With MAR Online, there is no such thing as a magazine cover. Instead we feature a historic cover in this post.

We are showing the cover of MAR 139 from February 2000. An issue where the Editor Rod Ward said of MAR “Our future looks very bright, with a vigorous collecting sector, with lots of material on hand from our enthusiastic band of contributors…” An accurate prediction since MAR reached its 283 edition as we transitioned to online only in 2015. It is interesting to note that that some of those who had articles in MAR 139 have contributions nearly 15 years later in MAR 283.


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Small Scale Review: Greenlight and John Day

First Published: May 2014

Greenlight

Anchorman Channel 4 News Team Van, 1:64 scale

Greenlight have re-released the Anchorman Channel 4 News Team van to coincide with the sequel just released. The new tooling includes a satellite dish, new wheels and stairs.

Airstream Travel Trailer, 1:43 and 1:64 scale

Greenlight has a new licensing agreement with Airstream, maker of the ‘silver bullet’ travel trailer, and will now produce a range of of vintage and modern American trailers in 1:64 and 1:43 scale.


 


John Day Vehicle Scenics

1:76 scale white metal kits made in UK

Casting Photographs by Daryle Toney.

Two new sets of castings have been produced recently for Daryle Toney who now owns the John Day Vehicle Scenics range.These kits are mainly aimed at railway modellers and are made in a simple set of parts: body; base plate with cast-in seats; separate wheels, a new feature under Daryle Toney; a steering wheel in most cases; and vacform.

Set One

This includes a re-issue of an old model and two adaptations of previous models to create entirely new models.

SRV 70 Riley RMA

The original casting was a popular one capturing the Riley very well. The new casting is rather cleaner and has the new-style wheels which are separate parts which have a small lug on the bag which fit into pre-cast holes in the baseplate.

SRV 110 Hillman Minx series I-III

This model has been adapted from the existing Sunbeam Rapier casting. A neat conversion, it even includes a dashboard with the characteristic central instrument cluster. Whilst called a series I to III no vehicle could cover all these generations since they had different grilles and the series III had rollover wings at the rear. Looking at the series Minx the model is closest to the series II Minx of 1957.   

SRV 111 Morris 1/2 ton Van

This is a new casting adapted from the Austin A55 Van that has been in the range for some time. The new casting is much cleaner than the old Austin casting, and the Morris grille has been very neatly done.

Set Two

These are all upgraded from previously released models and significant work has been undertaken to clean up the masters and to incorporate the new separate wheels featuring on all the new releases.

SRV 03 Riley 2.5 Litre DHC

This is a re-work of another Riley. These models have always been popular with buyers and the improved kit is the only way to get this vehicle in 1:76 scale.

SRV 65 Austin A70 Hereford

Another re-work. Again a popular seller and the only way to get a model of this vehicle in 1:76 scale.

SRV 79 Austin 16HP Saloon

A relative newcomer to the range re-worked. A nice model of a car which should be popular on railway layouts. Perhaps the Austin 8 in the range will be re-mastered in the future too.

Photographs of the new castings may be seen in the gallery below.


John Day Vehicle Scenics SRV70 Riley RMA 1:76


The gallery below shows the Editor’s photographs of two of the John Day Models shown as castings above. These models were made up by the Editor. The models shown are the Hillman Minx Convertible and the Morris Van. In both cases the castings were much cleaner than those supplied in the original range. Small criticisms can be made, the Hillman Minx steering wheel is generic and it would have been nicer if it had had the two spokes that the Minx featured rather than three, for example. Once again this range has made kits available of vehicles which we may not ever see modelled by anyone else.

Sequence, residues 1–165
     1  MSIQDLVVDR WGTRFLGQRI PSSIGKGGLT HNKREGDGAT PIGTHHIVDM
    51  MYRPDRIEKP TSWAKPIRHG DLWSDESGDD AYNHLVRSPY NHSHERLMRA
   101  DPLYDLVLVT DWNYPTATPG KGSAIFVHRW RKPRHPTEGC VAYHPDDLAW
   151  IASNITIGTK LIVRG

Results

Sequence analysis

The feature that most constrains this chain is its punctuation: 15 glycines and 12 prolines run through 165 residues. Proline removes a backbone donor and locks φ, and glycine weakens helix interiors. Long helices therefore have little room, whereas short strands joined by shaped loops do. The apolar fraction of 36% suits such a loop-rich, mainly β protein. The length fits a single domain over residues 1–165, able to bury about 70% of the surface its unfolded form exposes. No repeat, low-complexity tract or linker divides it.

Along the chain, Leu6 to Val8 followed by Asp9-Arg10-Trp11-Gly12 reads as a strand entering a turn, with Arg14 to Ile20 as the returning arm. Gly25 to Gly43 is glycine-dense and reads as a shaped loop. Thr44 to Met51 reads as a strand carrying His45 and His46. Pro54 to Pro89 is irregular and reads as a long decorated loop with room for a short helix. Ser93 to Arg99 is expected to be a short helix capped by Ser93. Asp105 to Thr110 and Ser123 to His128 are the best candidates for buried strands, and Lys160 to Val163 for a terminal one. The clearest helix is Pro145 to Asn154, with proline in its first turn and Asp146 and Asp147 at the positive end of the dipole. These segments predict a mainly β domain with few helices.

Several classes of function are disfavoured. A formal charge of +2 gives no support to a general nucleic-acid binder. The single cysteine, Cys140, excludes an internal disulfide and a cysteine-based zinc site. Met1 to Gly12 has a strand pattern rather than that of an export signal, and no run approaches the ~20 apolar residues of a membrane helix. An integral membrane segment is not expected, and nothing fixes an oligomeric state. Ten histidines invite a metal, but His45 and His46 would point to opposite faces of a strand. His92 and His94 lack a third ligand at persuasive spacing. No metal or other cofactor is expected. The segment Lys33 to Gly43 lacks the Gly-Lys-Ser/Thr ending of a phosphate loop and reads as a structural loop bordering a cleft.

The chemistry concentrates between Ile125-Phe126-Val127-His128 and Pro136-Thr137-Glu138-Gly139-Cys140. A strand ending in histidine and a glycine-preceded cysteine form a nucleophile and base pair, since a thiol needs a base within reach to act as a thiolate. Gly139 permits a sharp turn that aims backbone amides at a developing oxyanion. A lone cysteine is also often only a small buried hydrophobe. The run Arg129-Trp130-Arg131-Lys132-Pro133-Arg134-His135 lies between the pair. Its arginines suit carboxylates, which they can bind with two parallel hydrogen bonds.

As usual the models make up quite easily even for someone with little time and only average skills.


John_Day_SRV_111_Morris_1_2_ton_Van_c.jpg


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John Day Daimler Conquest

by Maz Woolley                                               July 2014

Regular MAR readers will be familiar with the John Day Vehicle Scenics range of 1:76 scale white metal kits now produced by Daryle Toney. These kits are primarily aimed at railway modellers, and are of a simple construction, consisting of a bodyshell, a baseplate with seats cast in, a vac-form for windows, wheels to fit into holes in the chassis, and a steering wheel in some cases. The range covers a broad timescale from the 1920s to 1970s.  This article looks at one of the re-mastered models.

SRV14 Daimler Conquest

This model was always one of my favourites in the John Day Daimler Conquest 1:76old range. It would have made a lovely contemporary Matchbox model, but they never made a Daimler car, only an ambulance and some military vehicles. The new casting is a lot cleaner, and has not only been modified for the separate wheels now featured (they were formerly cast into the chassis), but it also has the lights re-aligned, as they were not all level on the original master.

The Daimler Conquest was derived from the smaller-engined Lanchester saloon and was fitted with a six-cylinder 2.4 litre engine. It was a smooth-running car with the Daimler pre-selector gearbox, and whilst it was not slow, it was no match for the less expensive Jaguars. Although nicely styled and well trimmed, it offered little more than Rover cars of the period included at a lower price. The ‘Conquest’ had the appropriate launch price of £1066, a considerable sum in 1953.

The model was easy to build and assemble. The gallery below shows two models made by the Editor recently, click on any photograph to enlarge it.